MP Jenny Kwan Statement on World Refugee Day 2019
Canadians will remember the image of Alan Kurdi, the three-year-old Syrian boy who drowned in the Mediterranean Sea during the Syrian refugee crisis. That initiated a call from Canadians to show compassion in the midst of a global forced displacement crisis. But since 2015, the Liberals have gone from #WelcomeToCanada to ramming through significant changes hidden in an omnibus budget bill to try and stop refugees from making a claim in Canada.
On this, World Refugee Day, we learn that the US has now detained thousands of children in concentration camps. Children are now being denied access to even so much as a toothbrush while in these facilities. At least 7 children have died. There have been reports of sexual violence. LGBTQ2+ asylum claimants are being held indefinitely in solitary confinement. Canada, and the international community, recognize that as an act of torture. The US is now re-opening the very sites that the US once used to detain Japanese-Americans during WWII on the basis of racist assumptions. Yet the Liberals and Conservatives continue to pretend that the US is somehow still a safe country for asylum seekers.Read more
On June 6, 2019, I stood to ask the following in Question Period:Read more
Mr. Speaker, people in Vancouver East expect their government to make life affordable, sustainable and fair for all Canadians. They expect their government to be on their side.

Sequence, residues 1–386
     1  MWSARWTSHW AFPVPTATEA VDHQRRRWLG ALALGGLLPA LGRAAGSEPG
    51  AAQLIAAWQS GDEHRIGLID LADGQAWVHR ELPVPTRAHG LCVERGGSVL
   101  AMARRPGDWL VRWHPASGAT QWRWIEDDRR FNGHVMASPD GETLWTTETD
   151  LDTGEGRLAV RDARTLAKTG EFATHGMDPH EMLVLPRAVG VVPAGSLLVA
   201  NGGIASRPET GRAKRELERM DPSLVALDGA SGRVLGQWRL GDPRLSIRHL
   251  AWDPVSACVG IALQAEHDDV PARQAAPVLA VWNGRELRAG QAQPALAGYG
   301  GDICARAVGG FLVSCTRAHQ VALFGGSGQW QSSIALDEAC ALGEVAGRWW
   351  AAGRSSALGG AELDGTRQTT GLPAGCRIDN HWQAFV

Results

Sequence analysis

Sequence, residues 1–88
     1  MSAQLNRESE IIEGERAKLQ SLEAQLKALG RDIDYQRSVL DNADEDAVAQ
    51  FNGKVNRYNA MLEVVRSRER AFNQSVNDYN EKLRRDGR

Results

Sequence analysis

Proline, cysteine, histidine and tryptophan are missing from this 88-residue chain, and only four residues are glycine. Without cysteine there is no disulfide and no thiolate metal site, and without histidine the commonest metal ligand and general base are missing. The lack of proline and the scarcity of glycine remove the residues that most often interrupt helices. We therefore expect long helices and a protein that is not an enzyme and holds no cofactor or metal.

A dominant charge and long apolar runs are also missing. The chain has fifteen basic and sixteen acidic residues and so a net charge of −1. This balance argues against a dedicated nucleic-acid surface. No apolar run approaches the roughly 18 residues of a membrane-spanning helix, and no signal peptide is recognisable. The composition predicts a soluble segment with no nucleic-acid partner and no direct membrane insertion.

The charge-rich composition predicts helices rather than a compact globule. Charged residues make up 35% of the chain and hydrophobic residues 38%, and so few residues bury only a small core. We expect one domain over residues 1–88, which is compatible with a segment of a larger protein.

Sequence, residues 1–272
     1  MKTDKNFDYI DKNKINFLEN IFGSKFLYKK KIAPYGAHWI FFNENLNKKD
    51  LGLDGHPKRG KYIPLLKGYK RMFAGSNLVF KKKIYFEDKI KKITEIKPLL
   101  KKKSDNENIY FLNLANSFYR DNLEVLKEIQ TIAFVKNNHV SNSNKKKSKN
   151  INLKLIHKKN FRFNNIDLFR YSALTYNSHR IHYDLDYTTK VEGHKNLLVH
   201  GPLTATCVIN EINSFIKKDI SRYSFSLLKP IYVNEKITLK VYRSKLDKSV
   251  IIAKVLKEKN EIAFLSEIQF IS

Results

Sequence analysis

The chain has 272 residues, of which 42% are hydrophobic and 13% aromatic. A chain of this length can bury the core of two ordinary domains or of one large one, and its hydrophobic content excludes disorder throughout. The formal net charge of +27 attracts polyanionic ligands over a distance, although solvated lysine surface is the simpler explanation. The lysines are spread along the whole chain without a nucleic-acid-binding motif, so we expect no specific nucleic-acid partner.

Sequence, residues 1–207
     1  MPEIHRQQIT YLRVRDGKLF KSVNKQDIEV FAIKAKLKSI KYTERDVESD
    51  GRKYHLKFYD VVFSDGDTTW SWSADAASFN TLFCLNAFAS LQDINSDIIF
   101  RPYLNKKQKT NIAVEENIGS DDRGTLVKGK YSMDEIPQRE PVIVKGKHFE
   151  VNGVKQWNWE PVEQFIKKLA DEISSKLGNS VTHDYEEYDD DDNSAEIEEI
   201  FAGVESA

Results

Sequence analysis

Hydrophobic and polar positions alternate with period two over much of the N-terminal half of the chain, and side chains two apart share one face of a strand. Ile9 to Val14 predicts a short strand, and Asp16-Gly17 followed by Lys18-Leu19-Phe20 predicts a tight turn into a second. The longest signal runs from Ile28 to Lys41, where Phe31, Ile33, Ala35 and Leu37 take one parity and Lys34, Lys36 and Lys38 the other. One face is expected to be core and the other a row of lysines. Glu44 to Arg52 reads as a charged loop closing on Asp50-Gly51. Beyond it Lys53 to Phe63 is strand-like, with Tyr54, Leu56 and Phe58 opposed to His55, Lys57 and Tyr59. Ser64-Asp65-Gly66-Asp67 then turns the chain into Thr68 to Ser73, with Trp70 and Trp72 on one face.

In Vancouver East, I have heard from my constituents time and time again that we need real measures to make life affordable for Canadians, that we need immediate and urgent action to protect our climate and environment.
On behalf of the constituents of Vancouver East, I have been strongly advocating for measures such as affordable housing, public universal pharmacare, environmental protections, climate action and tax fairness. Instead, we now have a country faced with many crises.
Jenny in QP: Will the PM end the sex-based discrimination against First Nations women & their descendants today?
On June 5, 2019, I asked the following during Question Period:Read more
MP Jenny Kwan Statement on the Federal Government Quietly Offering Settlement to Halt Lawsuits Over Parent Immigration Program
On January 28, the IRCC website opened to accept Interest to Sponsor applications from family members wishing to apply for family reunification under the Parents/Grandparents Program. Within 7 minutes, the application process was shut down. 11 minutes after the application opened, IRCC announced via Twitter that the annual limit had been reached and the application was closed.
The media revealed that a number of individuals who were not able to submit an application to reunite with their loved ones under the parents/grandparents reunification process filled a lawsuit against the government. The Federal Liberal government then quietly settled with the litigants by offering them 70 coveted spots in the parents/grandparents sponsorship program.